Bessie SmithApr 24th, 2013 | By BHS | Category: Arts & Entertainment
1894(?) – 1937 – Bessie Smith’s outsize voice and personality made her one of the most popular performers of the early 20th century. Her willingness to fight against any slight, her enormously powerful singing style, and her passion for life informed her music and engaged audiences in that unique expression of the African American experience, “The Blues.”
Singing at a Young Age
The place of Smith’s birth, Chattanooga, Tennessee, is more certain than the date, which was not recorded at the time (likely due to her race). Her marriage certificate states 1894. She was the eighth child of a poor family, whose circumstances worsened with her mother’s death when Smith was eight years old. She began singing on street corners for pennies at the age of nine or 10, and achieved early success even at that tender age. A local club owner hired her to perform, and this is probably where Smith was first heard by her mentor-to-be, Ma Rainey, whose revue was on tour through Chattanooga in 1912. Smith joined Rainey’s road show, and learned about music and life from the greatly accomplished singer.
Smith subsequently began working small revues, tours, carnivals, and honky-tonks on her own, increasing her skill and reputation. Her first recording, “Down Hearted Blues,” appeared in 1923 and was an enormous success, selling over two million copies in its first year of release. This also marked a turning point in the music industry for Black artists. With the success of her recording, Columbia Records created a separate “race records” division for African American performers. Its success elevated Smith’s status to the point where she appeared on the finest “race” vaudeville circuits booked by the preeminent TOBA, or Theatre Owners Booking Association. Smith toured much of the U.S. during the mid to late 1920s. She became the foremost recording artist in the world and the highest paid Black entertainer of her time, earning as much as $2,000 per week for performing and $125 per recording. She recorded regularly throughout the decade with significant jazz instrumentalists, and toured in her own private railway car. Many critics believe that her rendition of “St. Louis Blues” with Louis Armstrong is one of the finest recordings of the 1920s.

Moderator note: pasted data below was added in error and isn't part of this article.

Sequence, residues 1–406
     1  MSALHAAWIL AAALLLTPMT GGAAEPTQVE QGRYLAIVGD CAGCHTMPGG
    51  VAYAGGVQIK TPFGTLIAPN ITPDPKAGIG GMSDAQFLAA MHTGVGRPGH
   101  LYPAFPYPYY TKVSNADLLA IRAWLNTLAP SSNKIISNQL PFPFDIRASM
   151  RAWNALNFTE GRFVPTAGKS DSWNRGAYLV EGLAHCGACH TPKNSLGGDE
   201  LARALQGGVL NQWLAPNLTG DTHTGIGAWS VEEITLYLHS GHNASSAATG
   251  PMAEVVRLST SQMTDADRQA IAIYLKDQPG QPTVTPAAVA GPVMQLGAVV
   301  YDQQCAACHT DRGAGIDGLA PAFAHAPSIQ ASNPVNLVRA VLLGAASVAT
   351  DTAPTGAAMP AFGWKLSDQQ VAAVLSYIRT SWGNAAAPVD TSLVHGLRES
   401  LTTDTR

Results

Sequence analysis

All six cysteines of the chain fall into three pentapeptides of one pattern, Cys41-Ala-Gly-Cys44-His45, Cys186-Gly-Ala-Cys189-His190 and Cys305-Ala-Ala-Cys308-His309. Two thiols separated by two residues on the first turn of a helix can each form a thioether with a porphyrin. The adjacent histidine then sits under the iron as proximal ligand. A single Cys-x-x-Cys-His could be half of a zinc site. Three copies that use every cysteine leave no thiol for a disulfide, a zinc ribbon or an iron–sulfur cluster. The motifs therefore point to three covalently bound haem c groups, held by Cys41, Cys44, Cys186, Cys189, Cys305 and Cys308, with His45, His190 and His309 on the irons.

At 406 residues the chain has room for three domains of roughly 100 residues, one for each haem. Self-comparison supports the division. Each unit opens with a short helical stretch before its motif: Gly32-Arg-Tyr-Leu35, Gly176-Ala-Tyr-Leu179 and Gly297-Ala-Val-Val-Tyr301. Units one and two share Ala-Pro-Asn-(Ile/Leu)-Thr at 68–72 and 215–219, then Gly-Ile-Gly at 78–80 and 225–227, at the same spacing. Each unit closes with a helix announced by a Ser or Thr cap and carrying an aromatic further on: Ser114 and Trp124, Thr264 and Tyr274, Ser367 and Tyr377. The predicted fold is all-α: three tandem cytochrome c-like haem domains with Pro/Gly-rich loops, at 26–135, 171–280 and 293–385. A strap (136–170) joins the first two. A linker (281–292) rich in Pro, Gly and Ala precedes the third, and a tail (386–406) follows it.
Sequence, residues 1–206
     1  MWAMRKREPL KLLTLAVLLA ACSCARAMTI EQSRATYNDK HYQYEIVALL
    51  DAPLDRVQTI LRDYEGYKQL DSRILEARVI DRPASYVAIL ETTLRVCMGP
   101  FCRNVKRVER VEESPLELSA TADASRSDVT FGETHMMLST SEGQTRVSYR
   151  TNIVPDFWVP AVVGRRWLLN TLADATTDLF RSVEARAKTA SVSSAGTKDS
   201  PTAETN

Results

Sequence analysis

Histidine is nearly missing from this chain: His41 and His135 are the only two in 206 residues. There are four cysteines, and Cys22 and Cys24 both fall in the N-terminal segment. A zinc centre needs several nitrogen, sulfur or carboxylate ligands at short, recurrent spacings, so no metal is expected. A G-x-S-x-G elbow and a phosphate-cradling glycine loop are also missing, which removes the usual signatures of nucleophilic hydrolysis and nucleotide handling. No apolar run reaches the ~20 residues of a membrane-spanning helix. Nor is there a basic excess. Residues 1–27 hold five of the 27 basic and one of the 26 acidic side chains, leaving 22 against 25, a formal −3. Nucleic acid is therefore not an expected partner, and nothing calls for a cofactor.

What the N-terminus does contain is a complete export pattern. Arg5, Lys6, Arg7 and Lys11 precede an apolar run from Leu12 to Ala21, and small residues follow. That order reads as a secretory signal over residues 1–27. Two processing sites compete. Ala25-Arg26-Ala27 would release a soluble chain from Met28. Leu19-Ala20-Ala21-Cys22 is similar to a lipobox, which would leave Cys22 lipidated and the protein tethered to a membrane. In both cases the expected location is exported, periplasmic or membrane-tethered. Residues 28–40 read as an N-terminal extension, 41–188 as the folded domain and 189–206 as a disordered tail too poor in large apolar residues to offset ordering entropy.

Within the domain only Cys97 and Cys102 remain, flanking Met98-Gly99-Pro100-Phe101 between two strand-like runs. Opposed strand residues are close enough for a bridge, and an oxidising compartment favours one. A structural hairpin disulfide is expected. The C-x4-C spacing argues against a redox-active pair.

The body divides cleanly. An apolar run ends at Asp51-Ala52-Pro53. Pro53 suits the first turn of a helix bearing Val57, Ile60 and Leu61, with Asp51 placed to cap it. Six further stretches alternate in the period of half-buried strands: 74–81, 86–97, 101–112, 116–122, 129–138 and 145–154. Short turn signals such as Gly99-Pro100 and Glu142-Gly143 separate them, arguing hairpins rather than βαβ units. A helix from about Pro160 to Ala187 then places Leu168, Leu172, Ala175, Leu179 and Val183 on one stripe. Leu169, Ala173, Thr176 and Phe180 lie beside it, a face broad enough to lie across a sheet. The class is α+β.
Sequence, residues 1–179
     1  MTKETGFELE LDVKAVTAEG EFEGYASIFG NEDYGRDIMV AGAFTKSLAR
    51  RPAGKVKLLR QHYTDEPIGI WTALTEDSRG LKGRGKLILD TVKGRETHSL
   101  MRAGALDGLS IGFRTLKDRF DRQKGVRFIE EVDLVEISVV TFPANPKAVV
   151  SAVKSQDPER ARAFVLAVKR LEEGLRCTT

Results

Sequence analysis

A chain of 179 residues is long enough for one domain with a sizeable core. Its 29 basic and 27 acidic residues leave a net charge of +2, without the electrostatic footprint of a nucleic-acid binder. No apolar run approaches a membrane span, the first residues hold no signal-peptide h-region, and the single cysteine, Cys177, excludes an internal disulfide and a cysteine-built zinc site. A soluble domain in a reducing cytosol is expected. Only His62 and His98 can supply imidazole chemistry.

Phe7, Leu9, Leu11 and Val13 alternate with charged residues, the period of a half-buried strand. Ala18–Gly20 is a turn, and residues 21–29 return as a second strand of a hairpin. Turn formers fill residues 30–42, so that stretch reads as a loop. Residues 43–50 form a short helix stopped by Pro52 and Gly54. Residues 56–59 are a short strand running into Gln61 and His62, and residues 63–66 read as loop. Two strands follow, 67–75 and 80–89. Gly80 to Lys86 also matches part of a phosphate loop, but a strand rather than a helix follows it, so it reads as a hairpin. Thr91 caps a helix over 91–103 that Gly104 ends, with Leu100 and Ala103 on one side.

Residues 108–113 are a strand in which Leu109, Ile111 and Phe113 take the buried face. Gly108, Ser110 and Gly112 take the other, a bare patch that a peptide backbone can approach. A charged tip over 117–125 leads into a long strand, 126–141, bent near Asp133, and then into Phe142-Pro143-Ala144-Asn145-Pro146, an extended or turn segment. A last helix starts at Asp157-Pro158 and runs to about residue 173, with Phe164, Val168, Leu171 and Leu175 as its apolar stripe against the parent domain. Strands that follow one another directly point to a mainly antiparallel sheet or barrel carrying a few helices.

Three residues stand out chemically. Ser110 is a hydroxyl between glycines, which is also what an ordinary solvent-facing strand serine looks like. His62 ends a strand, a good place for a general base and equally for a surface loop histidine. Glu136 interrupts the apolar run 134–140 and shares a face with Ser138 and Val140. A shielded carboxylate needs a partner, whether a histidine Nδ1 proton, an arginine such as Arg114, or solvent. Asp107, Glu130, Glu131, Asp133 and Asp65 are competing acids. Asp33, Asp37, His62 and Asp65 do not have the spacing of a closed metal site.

Smith could be obstreperous and even violent, and at six feet and 200 pounds such encounters could turn dangerous. Smith had a keen sense of her race. While her popularity transcended racial boundaries, she shunned the company of “elite” (white) society, and disliked Blacks whom she thought were trying to act white. Despite her financial success, she continued her familiar ways based on street-life in the South and a passionate approach to all things. As the saying goes, “You gotta pay the dues if you wanna sing the blues.”
The early to mid-1930s brought changes that led to a decline in the singer’s fortunes. Musical styles were shifting; radio and movies competed for attention. The economic depression of that decade hurt the entertainment industry. And Smith’s appetite for gin, which began in her teens, grew excessive. As always, her life informed her art, and such classics as “Gin House Blues” and “Nobody Knows You When You’re Down and Out” recount her own experiences.
The late 1930s seemed to offer the possibility of a comeback. Smith had expanded her style to adapt to changing tastes with a more swing-oriented feel, and her producer, John Hammond, arranged a 1936 concert for her in New York. A number of recording sessions and concerts were planned. In 1937, as Hammond was preparing to bring Smith to New York for a recording session, she and her pianist crashed their car on the road to Memphis. Smith was badly wounded, and died. An article written by Hammond, alleging that Smith died because she’d been taken to a Whites-only hospital where she was denied treatment sensationalized the tragedy. Hammond retracted the allegation, but not before the story had fueled a post-mortem return to fame for the singer, including a stage play memorializing the incident by Edward Albee, “The Death of Bessie Smith.”
But the real legacy was in her music, which survives in over 160 recordings with the jazz greats of her time, including Sidney Bechet, James P. Johnson, Coleman Hawkins, Don Redman, Joe Smith, Fletcher Henderson, and Louis Armstrong. In the words of one critic, she had “…a huge sweeping voice, capable of strength and tenderness…. She could convey the entire meaning of a line by a subtle accent on a syllable.” Ken Burns, maker of the documentary film “Jazz,” has written: “Smith was unquestionably the greatest of the vaudeville blues singers and brought the emotional intensity, personal involvement, and expression of blues singing into the jazz repertory with unexcelled artistry.” But perhaps the epitaph on Smith’s tombstone says it most memorably: “The Greatest Blues Singer in the World Will Never Stop Singing.”